Diagnosis of a genetic disease

Diagnosis of a genetic disease: the process and the implications

What is the diagnosis of a genetic disease?

Diagnosis of a rare disease can take two main forms. 

A diagnosis can confirm that an individual is a carrier for a specific genetic mutation or chromosomal change, and at risk of developing a genetic syndrome themselves, or at risk of passing the mutation on to their future children. 

Or it can confirm that an individual has a rare disease or genetic syndrome, due to a gene or chromosome change, that may or may not be inherited from one or both parents. 

Diagnosis of a rare disease is a process fraught with complications, and often a lack of information. Rare diseases, of which there are currently around 7,000 identified, are also often referred to as orphan diseases, as so little is known about their precise causes and unique set of symptoms. 

Continued research into the causes and symptoms of rare disease, is increasing awareness and genetic analysis options, but it also means what experts know about each disease is changing rapidly, and keeping up with these advancements are crucial in ensuring an accurate diagnosis for all patients. 

Misdiagnosis is still much too common in the field of diagnosing rare disease, as is a delayed diagnosis.  

Diagnosis of a genetic disease: the process

The diagnosis of a rare disease should involve the following steps. However access to each of these important steps can have a very real impact on how accurate a diagnosis is. Full access improves accuracy, and the long term outcomes for a rare disease patient. 

The steps of the genetic diagnosis process are:

Genetic Counseling: a mixture of medical advice, and emotional support, which accompanies rare disease patients and their families throughout the entire diagnostic process. This includes understanding more about a patient’s family medical history, as well as their own symptoms, it involves recommendations for genetic testing and comprehensive information about the options for testing. It makes sense of medical knowledge and information for patients and families, and helps them understand their diagnosis once they receive one. Genetic counseling is an important support service which empowers rare disease patients, allowing them some degree of control over their own diagnosis and condition.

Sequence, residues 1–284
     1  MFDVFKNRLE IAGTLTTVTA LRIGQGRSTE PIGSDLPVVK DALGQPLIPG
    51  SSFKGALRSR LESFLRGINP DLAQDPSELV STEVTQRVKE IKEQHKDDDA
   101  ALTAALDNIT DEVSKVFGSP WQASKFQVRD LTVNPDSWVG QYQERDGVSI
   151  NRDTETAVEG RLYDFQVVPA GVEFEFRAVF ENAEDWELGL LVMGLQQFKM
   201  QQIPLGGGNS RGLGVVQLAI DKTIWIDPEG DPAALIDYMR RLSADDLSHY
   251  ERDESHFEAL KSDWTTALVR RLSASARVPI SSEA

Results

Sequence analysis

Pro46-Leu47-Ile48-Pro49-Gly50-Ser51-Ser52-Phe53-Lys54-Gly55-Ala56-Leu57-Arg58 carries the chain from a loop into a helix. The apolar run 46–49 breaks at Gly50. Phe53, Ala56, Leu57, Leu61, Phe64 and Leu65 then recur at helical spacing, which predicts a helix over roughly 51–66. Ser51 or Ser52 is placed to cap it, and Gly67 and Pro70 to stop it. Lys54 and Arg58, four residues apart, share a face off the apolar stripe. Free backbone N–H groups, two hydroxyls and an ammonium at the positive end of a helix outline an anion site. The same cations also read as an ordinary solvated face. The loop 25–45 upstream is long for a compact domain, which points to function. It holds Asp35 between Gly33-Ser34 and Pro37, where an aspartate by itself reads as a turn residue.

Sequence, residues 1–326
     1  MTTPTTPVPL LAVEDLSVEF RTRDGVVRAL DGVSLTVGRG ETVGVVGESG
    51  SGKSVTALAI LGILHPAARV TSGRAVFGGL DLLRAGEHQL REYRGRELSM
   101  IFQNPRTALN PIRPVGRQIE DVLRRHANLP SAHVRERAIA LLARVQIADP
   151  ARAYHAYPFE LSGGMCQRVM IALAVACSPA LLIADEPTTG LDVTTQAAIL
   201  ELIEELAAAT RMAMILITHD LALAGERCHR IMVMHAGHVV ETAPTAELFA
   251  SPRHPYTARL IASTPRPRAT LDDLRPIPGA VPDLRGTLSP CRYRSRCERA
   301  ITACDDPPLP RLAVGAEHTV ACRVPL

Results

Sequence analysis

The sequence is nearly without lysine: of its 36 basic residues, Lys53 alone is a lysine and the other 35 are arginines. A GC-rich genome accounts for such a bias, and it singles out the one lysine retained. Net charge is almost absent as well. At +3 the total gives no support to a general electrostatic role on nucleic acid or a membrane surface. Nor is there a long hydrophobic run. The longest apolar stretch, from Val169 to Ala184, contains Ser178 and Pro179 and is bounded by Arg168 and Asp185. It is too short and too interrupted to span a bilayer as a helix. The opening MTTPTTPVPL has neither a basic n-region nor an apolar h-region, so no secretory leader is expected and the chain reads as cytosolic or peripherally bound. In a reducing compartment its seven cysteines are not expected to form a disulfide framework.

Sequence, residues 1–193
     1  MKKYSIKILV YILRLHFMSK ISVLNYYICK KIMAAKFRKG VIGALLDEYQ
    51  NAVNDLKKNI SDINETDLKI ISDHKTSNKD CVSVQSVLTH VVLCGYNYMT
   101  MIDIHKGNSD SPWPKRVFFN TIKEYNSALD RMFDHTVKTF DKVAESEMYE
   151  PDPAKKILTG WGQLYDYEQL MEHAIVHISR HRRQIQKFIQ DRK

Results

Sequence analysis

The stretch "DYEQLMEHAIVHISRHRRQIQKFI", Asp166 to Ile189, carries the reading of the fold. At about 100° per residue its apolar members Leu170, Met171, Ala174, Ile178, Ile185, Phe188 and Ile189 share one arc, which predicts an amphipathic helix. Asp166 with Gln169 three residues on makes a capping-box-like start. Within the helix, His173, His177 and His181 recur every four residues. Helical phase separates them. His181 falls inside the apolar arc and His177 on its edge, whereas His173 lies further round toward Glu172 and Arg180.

Genetic analysis and testing: genetic testing can take many forms but generally involves sequencing, or understanding, an individual’s DNA and genetic makeup, in order to identify gene mutations, or chromosomal abnormalities, that might identify the presence of a rare disease, or identify someone as a carrier of such a syndrome. Genetic testing, for the most part, involves taking a blood sample for analysis. But it can also involve other new genetic analysis methods, including facial screening. 

A confirmed diagnosis: generally this will be the result of a combination of genetic counseling and genetic testing, and both stages of the process ensure a more accurate final diagnosis. This diagnosis is important in ensuring rare disease patients understand more about their own future health, but also it is important for ensuring they can access the support and care they need to manage their condition long term. 

Improving diagnosis of a genetic disease

Reaching a more accurate diagnosis, faster, is imperative to improving the diagnostic process for all rare disease patients. This involves improving and increasing access to genetic counseling and testing services. 

One approach involves the use of online genetic counseling in order to provide a more accessible approach to this important service. Online genetic counseling provides access to counseling to anyone with a connected device with video capabilities. It simplifies access to this support service, but the impact in terms of accessibility, looks set to be nothing short of revolutionary for many patients. 

Diagnosis of a genetic disease: the implications

A genetic diagnosis for rare disease can have profound implications for a patient and their family. These are, for the most part, positive- as they allow patients to access the right support and care. An accurate diagnosis provides much needed answers for many families.

However this clarity does not necessarily make receiving a diagnosis an easy process. The diagnosis of a rare disease in an infant, child or adult, may have profound implications for a family. Support, and networks of support, are crucial following a diagnosis. 

Depending on the type and severity of symptoms, a rare disease patient may have complex and multiple medical conditions and healthcare needs. This can be a challenging implication of a rare disease diagnosis. These health conditions may require long term care, and long term support for the family involved. It may involve lifestyle changes as well.

A diagnosis may also have implications for an individual’s family planning. A carrier of a genetic mutation, depending on how the mutation is inherited, may need to consider different options for ensuring future healthy children. This is something that should be explored through genetic counseling. 

Improving diagnosis of rare disease is currently a priority, in terms of enhancing accuracy and accessibility for all patients. Increasing awareness is as important, due to its positive impact on reaching a more accurate diagnosis.

 

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